The maker of expensive printer ink, HP has claimed that Autonomy, the software firm it bought in 2011, overstated profits at one of its main British units by 81 percent in the year before it was sold.
HP had to write down the value of Autonomy by $8.8 billion and accused the management of accounting irregularities.
Autonomy was founded and led by British entrepreneur Mike Lynch, who has repeatedly denied the allegations. Until today, HP has not said anything specific about the write down.
Now, Reuters is saying HP said it had refiled 2010 accounts for Autonomy Systems Limited, one of its British operating units, revising the annual revenue down by 54 percent to 81 million pounds.
Net profit for the period was reduced by $133 million according to the filing. The drop, $133 million at 2010 exchange rates, compares with reported 2010 net profit for Autonomy as a whole of $217 million, according to the company’s annual report.
Lynch had previously said that differences in IFRS and US GAAP accounting standards appeared to have had a role in some of HP’s allegations.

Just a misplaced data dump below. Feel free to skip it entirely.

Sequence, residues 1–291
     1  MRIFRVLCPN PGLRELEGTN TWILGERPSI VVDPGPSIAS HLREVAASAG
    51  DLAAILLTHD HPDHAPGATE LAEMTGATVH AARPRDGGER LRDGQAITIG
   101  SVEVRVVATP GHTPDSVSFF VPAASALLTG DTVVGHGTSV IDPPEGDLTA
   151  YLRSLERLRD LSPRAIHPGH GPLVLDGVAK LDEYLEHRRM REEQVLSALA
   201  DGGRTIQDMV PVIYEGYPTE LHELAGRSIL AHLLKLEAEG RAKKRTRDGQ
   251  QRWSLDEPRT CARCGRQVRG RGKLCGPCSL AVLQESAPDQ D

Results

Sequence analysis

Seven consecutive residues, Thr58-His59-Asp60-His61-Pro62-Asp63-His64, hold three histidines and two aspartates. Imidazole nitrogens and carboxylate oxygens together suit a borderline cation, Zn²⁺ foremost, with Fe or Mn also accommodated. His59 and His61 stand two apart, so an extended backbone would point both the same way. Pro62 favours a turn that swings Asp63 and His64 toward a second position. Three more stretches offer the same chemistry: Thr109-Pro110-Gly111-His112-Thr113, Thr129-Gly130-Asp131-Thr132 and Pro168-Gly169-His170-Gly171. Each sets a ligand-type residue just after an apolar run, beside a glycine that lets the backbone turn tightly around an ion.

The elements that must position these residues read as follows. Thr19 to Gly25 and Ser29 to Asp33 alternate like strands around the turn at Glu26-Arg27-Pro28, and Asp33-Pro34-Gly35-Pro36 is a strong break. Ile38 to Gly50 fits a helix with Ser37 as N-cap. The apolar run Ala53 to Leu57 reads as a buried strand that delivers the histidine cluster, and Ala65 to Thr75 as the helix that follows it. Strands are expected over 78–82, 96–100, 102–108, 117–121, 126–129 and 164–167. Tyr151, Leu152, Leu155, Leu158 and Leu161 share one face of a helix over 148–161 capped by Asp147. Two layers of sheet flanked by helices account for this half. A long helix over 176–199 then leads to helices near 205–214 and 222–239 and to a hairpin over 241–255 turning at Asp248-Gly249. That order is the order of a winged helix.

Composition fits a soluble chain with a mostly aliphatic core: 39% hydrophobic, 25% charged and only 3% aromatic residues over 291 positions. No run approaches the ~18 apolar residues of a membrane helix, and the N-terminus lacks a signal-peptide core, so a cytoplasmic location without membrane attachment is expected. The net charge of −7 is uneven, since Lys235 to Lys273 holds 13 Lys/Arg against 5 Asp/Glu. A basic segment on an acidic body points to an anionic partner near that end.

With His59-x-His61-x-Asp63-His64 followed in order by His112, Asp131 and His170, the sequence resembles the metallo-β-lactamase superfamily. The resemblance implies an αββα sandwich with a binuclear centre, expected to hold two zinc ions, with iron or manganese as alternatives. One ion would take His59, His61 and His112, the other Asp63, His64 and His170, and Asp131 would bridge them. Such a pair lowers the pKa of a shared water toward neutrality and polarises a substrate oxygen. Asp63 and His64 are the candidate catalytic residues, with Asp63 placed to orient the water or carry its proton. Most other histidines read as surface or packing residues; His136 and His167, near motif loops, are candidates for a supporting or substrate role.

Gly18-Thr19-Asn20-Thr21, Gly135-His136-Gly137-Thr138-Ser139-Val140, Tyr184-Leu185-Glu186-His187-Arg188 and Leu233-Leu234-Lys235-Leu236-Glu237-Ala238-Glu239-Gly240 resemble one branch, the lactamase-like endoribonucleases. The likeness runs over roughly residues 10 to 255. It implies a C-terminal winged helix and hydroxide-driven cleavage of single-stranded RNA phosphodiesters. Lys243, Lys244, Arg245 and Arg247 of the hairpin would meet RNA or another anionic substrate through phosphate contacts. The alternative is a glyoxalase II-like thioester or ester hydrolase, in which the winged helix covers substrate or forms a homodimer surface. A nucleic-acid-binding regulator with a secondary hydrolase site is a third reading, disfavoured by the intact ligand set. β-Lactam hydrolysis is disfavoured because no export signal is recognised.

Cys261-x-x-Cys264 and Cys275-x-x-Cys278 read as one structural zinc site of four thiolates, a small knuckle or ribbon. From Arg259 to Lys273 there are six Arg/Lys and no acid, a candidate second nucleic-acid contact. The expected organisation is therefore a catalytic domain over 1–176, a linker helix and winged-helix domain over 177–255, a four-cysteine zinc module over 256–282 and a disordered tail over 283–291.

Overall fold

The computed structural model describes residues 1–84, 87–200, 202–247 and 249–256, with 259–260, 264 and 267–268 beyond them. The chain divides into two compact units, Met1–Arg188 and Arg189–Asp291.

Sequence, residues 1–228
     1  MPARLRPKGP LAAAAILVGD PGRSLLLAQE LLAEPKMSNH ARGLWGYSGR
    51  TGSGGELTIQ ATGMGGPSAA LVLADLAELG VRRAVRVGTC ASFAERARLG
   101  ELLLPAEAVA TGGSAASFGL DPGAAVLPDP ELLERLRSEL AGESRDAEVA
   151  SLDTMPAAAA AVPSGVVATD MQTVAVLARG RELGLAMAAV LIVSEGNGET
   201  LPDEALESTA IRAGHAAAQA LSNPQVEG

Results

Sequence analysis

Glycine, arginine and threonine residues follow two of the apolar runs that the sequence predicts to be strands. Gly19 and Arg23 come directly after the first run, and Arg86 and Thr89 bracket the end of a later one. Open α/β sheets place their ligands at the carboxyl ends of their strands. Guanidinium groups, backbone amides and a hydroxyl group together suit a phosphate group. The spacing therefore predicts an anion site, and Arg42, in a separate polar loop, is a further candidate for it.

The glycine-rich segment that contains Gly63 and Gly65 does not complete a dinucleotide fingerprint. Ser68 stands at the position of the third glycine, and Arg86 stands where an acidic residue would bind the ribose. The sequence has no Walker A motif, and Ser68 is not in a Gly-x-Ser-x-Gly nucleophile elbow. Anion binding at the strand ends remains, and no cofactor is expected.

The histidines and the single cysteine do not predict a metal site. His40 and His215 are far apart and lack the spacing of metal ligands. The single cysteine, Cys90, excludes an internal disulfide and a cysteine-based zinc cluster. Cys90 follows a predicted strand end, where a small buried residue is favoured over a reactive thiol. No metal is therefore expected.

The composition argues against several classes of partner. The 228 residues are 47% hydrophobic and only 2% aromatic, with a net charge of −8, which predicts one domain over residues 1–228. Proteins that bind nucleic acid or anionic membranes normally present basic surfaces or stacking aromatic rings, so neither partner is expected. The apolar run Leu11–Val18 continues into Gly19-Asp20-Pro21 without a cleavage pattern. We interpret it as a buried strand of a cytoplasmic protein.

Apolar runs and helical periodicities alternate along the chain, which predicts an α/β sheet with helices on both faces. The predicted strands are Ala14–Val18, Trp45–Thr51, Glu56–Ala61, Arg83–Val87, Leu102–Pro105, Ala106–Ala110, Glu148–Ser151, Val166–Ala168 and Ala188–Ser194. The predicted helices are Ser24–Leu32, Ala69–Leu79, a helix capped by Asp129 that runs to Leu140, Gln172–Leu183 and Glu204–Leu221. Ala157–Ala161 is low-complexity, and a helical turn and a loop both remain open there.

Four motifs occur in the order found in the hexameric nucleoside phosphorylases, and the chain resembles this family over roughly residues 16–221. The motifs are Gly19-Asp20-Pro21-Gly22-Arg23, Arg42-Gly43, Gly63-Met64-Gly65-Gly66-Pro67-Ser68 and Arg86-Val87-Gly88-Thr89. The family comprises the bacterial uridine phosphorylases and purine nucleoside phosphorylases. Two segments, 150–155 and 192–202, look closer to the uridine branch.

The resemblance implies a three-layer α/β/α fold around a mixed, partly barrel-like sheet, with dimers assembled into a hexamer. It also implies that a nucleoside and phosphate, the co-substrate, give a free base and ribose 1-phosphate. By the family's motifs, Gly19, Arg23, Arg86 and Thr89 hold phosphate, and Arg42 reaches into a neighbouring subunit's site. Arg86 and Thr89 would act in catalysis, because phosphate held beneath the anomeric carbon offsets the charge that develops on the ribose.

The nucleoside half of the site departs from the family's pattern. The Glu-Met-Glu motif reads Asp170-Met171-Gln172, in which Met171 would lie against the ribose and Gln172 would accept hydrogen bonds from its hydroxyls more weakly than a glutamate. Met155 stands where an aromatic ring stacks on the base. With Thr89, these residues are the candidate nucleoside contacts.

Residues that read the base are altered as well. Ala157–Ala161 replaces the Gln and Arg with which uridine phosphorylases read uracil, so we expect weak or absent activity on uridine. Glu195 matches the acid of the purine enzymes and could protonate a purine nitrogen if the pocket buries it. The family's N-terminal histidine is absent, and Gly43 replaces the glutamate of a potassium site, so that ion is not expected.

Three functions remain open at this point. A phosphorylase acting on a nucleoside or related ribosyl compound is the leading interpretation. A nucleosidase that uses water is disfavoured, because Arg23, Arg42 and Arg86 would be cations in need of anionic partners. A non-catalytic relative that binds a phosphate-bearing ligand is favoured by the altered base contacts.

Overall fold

However, HP was not mincing its words. It told Companies House in the UK that extensive investigations undertaken by Hewlett-Packard into the past accounting practices of the group, have revealed extensive errors, including misstatements, in the previously issued financial statements.
HP claimed that the reduction in profits was due to “fundamental errors”, with the remainder put down to differences in accounting policies used by HP and Autonomy.
Lynch’s spokeswoman, Vanessa Colomar, said that the size of the adjustments in the 2010 results did not fit with the scale of HP’s $5 billion writedown and he was continuing to reject these allegations by HP.